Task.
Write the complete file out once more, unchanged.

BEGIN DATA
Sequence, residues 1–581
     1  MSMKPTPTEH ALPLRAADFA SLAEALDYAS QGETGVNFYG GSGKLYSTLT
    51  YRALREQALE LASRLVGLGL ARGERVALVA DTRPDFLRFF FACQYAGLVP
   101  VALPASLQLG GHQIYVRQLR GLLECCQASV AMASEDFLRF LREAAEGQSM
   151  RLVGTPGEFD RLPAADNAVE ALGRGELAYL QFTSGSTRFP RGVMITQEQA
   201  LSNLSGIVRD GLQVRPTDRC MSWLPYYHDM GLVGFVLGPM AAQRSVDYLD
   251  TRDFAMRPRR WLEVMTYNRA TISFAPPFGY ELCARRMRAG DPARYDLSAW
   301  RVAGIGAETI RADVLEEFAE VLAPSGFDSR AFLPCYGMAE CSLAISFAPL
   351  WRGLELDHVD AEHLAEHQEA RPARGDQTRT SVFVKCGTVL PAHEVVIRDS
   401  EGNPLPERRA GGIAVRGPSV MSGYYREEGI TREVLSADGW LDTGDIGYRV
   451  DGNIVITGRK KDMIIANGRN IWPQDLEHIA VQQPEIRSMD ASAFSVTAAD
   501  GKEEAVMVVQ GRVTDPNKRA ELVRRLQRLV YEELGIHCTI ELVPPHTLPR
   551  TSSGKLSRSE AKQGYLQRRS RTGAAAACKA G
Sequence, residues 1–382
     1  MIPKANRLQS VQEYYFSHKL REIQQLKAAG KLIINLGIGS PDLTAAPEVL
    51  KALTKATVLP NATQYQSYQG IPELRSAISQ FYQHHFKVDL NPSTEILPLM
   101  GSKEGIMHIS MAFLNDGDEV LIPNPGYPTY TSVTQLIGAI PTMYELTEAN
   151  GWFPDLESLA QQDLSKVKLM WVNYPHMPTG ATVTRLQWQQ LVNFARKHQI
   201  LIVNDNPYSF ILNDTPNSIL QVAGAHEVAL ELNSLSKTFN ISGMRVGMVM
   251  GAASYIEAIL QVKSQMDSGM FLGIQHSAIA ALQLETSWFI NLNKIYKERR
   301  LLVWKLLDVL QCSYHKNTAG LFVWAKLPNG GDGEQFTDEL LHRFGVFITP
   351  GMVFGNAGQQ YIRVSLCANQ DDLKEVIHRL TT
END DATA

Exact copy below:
Sequence, residues 1–581
     1  MSMKPTPTEH ALPLRAADFA SLAEALDYAS QGETGVNFYG GSGKLYSTLT
    51  YRALREQALE LASRLVGLGL ARGERVALVA DTRPDFLRFF FACQYAGLVP
   101  VALPASLQLG GHQIYVRQLR GLLECCQASV AMASEDFLRF LREAAEGQSM
   151  RLVGTPGEFD RLPAADNAVE ALGRGELAYL QFTSGSTRFP RGVMITQEQA
   201  LSNLSGIVRD GLQVRPTDRC MSWLPYYHDM GLVGFVLGPM AAQRSVDYLD
   251  TRDFAMRPRR WLEVMTYNRA TISFAPPFGY ELCARRMRAG DPARYDLSAW
   301  RVAGIGAETI RADVLEEFAE VLAPSGFDSR AFLPCYGMAE CSLAISFAPL
   351  WRGLELDHVD AEHLAEHQEA RPARGDQTRT SVFVKCGTVL PAHEVVIRDS
   401  EGNPLPERRA GGIAVRGPSV MSGYYREEGI TREVLSADGW LDTGDIGYRV
   451  DGNIVITGRK KDMIIANGRN IWPQDLEHIA VQQPEIRSMD ASAFSVTAAD
   501  GKEEAVMVVQ GRVTDPNKRA ELVRRLQRLV YEELGIHCTI ELVPPHTLPR
   551  TSSGKLSRSE AKQGYLQRRS RTGAAAACKA G
Sequence, residues 1–382
     1  MIPKANRLQS VQEYYFSHKL REIQQLKAAG KLIINLGIGS PDLTAAPEVL
    51  KALTKATVLP NATQYQSYQG IPELRSAISQ FYQHHFKVDL NPSTEILPLM
   101  GSKEGIMHIS MAFLNDGDEV LIPNPGYPTY TSVTQLIGAI PTMYELTEAN
   151  GWFPDLESLA QQDLSKVKLM WVNYPHMPTG ATVTRLQWQQ LVNFARKHQI
   201  LIVNDNPYSF ILNDTPNSIL QVAGAHEVAL ELNSLSKTFN ISGMRVGMVM
   251  GAASYIEAIL QVKSQMDSGM FLGIQHSAIA ALQLETSWFI NLNKIYKERR
   301  LLVWKLLDVL QCSYHKNTAG LFVWAKLPNG GDGEQFTDEL LHRFGVFITP
   351  GMVFGNAGQQ YIRVSLCANQ DDLKEVIHRL TT